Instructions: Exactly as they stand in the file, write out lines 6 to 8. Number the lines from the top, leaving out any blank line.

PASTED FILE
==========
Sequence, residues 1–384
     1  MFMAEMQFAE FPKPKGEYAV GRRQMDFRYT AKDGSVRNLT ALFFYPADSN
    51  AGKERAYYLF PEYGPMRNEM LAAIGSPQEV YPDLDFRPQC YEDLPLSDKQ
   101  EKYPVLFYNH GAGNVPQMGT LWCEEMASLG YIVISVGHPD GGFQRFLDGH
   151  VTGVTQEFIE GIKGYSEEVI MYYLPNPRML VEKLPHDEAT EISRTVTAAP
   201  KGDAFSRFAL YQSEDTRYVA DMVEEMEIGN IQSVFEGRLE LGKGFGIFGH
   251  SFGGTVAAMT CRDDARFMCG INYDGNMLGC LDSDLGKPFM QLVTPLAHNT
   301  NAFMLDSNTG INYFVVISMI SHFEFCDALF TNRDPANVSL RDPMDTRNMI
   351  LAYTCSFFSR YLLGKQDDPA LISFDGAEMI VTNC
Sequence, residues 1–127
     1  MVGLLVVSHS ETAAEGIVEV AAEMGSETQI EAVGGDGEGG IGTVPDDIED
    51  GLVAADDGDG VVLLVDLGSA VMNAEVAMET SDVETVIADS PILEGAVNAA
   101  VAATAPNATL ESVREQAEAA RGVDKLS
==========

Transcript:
   201  KGDAFSRFAL YQSEDTRYVA DMVEEMEIGN IQSVFEGRLE LGKGFGIFGH
   251  SFGGTVAAMT CRDDARFMCG INYDGNMLGC LDSDLGKPFM QLVTPLAHNT
   301  NAFMLDSNTG INYFVVISMI SHFEFCDALF TNRDPANVSL RDPMDTRNMI